You should contact a qualified attorney if you think your insurance company is being unfair. It's also wise to consider contacting an insurance claim attorney even before receiving a claim denial. Sometimes, the presence of an experienced insurance professional can help persuade the company to honor its obligations. It may agree to a fair settlement at that point.

What Types of Legal Action Can I Take Against My Insurance Company?

Each state has statutes and case law regulating the insurance industry, including the types of lawsuits you can bring against an insurer. Your insurance policy is a type of contract, and every state allows for a breach of contract action.

Many states also allow you to pursue a bad faith tort lawsuit. Additionally, you may be able to sue under your state's unfair trade practices laws. Many states have codes or statutes pertaining directly to consumer protection within the insurance industry.

Damages Available

An insurance attorney can explain the damages available to you and the likelihood of your success. Each state has different rules about the types of damages you can pursue in a given lawsuit.

Compensatory damages, such as medical expenses and lost wages, are available in each lawsuit. On the other hand, punitive damages are only available in some cases and may be limited by state law or the court.

Tips for Suing the Insurance Company for a Denied Claim

If you're considering suing your insurance company, it's always best to be prepared and keep detailed records. Some ideas to keep in mind include:

  • Document any correspondence with the insurance company and its representatives. Keep copies of emails and take notes of phone conversations, including dates and the names of representatives. Stay calm and assume the insurance company is recording your calls.
  • Maintain records of your insured property, including receipts and pictures of property insured under a homeowner's insurance policy or other relevant policy. Take pictures immediately after the accident.
  • Keep track of expenses you incur, such as repairs, healthcare expenses, attorney's fees, and lost wages. Be honest in your assessments and record-keeping.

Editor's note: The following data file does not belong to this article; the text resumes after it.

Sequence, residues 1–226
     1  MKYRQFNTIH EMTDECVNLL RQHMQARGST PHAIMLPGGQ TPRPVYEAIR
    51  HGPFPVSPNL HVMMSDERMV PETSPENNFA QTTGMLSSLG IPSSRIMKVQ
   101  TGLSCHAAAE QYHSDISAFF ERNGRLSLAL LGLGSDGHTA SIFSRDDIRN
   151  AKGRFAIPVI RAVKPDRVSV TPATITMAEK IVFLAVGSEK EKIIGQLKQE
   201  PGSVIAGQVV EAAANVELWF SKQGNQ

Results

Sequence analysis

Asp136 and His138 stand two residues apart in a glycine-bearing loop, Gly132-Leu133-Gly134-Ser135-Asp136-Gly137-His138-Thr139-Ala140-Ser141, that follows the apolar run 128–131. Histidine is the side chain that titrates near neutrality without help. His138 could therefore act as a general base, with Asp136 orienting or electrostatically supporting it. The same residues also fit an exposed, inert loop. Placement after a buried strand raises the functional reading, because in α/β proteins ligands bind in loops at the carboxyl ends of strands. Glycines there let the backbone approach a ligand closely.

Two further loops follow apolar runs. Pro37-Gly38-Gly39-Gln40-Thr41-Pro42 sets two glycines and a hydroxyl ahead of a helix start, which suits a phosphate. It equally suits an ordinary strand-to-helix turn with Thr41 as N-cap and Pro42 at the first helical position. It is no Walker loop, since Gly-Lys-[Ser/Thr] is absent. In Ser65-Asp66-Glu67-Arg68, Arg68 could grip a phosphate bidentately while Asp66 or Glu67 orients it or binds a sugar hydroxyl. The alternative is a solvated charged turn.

• Choose an attorney with extensive experience in insurance litigation. Insurance law can be complex, time-consuming, and expensive.

If you decide to sue your insurer, this documentation will help your attorney present a strong case.

Can I Sue My Insurer?

It's possible. An auto accident attorney may be necessary if you are unfairly compensated or your insurer denies your claim. If you've recently been in a car accident and are currently facing difficulties with your claim, seek assistance. A car accident lawsuit may be necessary. You can sue your insurer following accident claims in some car accident cases.

If you fail to receive a fair settlement offer or compensation following a car accident, you may have a legal claim against your insurer. An insurance adjuster's investigation may have led to this result. If this happens in your case, you should speak with an experienced attorney.

Don't Fight Your Insurance Company Alone

If you're at the point of suing your insurance company for denying your claim or committing other misconduct, it's time to look for a local insurance attorney. They can defend your interests.

You've already had to deal with the events giving rise to the insurance claim. Get help with an uncooperative insurer. You can bet that the insurance company will be well-equipped with its team of experienced lawyers. They will do everything they can to defend their client. Level the playing field by contacting an insurance attorney today.